Label

An ultra-rare label illustrates the history of Summerland from the 1880 to 1930s.

Spook Brand produce was introduced to Carpinterians in the March 15, 1934 (Volume II, No. 4) edition of the Carpinteria Chronicle in a news brief titled “Hail, Lowly String Bean.”  

The article reported that the Spook Brand string beans were farmed by Emerick, Wood and Shepard on 400 acres in Summerland. The farmers were enthusiastic about one of their varieties of produce that they named “Esposo” beans. They controlled all the seed. Esposo, they said, was the Spanish word for spook, thus the name of the product.  Never mind that “esposo” actually means husband, as in husband and wife, in a Spanish dictionary.

The artist of the label, according to Thomas Pat Jacobsen, is probably Rudy Schmidt, one of the artists of the San Francisco based Schmidt Litho Company, but no relation to the Litho family of Schmidts. “As a dedicated life-long historian and curator, I think this is an amazing label,” said Jacobsen. It is hard to argue with his opinion. The illustration is one of the best examples of a label of any kind at detailing the history of an entire community.  

Summerland was dubbed “Spookville” in its early history as a result of its initial status as a colony and world-wide meeting place for Spiritualism circa 1890. Spiritualism believed in communication with the dead via séances held in Summerland’s Liberty Hall. Note the ghostly medium at the top left of the label. Under the medium, the Summerland hillside is illuminated by lit natural gas which was abundant underground. The wooden piers are in shallow ocean water, and the majestic, offshore oil derricks—the first offshore wells in Western civilization—are in the foreground.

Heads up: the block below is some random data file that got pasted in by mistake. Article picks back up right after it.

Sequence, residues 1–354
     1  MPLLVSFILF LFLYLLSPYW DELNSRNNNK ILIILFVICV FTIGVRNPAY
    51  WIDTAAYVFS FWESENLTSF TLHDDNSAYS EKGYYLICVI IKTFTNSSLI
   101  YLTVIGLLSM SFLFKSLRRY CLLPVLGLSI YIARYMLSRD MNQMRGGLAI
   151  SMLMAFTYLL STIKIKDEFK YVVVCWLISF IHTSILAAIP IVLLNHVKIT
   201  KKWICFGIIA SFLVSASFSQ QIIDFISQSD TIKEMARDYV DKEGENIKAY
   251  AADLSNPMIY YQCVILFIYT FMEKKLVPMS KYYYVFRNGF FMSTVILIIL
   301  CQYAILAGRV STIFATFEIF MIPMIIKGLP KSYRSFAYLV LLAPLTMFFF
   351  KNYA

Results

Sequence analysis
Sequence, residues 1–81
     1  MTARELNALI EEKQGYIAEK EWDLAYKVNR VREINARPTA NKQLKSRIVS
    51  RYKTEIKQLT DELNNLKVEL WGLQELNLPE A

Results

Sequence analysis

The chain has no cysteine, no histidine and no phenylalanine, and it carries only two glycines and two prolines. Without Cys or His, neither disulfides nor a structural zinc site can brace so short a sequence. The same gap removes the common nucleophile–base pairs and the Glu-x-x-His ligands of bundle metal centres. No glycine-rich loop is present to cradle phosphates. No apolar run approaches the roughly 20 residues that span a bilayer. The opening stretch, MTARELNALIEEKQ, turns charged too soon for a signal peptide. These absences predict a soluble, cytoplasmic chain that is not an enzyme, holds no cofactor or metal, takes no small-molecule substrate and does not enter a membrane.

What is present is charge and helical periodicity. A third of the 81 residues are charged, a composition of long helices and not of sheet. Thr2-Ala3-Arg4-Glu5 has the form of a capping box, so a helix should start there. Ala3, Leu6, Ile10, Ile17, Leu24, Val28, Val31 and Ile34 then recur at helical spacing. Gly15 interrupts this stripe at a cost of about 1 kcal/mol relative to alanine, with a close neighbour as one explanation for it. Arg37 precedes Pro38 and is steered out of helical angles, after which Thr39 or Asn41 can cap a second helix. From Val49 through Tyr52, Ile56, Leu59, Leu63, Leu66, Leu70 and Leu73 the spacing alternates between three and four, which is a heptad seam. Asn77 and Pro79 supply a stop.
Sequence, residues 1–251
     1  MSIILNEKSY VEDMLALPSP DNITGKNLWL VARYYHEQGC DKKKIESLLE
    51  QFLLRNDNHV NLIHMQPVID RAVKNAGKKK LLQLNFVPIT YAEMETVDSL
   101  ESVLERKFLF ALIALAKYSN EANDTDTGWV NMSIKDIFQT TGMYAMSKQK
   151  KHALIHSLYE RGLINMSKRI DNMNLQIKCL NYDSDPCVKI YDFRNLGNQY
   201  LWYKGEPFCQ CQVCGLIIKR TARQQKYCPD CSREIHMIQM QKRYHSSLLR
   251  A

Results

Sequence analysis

Jacobsen has cataloged 75,000 labels of all kinds but has never been able to find an original Spook Brand label. Carpinterian Richard Partida, who recently passed, was the source of this label which he shared with a few select friends. He was an avid collector of Carpinteria memorabilia and historian.

Is there someone out there who can supply one of these rare labels to Mr. Jacobsen?  

If you have a story or photo that tells a unique part of Carpinteria’s history, please contact Jim a drsjcampos@gmail.com. To learn more about Carpinteria’s unique and interesting past, visit the Carpinteria Valley Museum of History, open Tuesday through Saturday from 1 to 4 p.m. at 956 Maple Ave.

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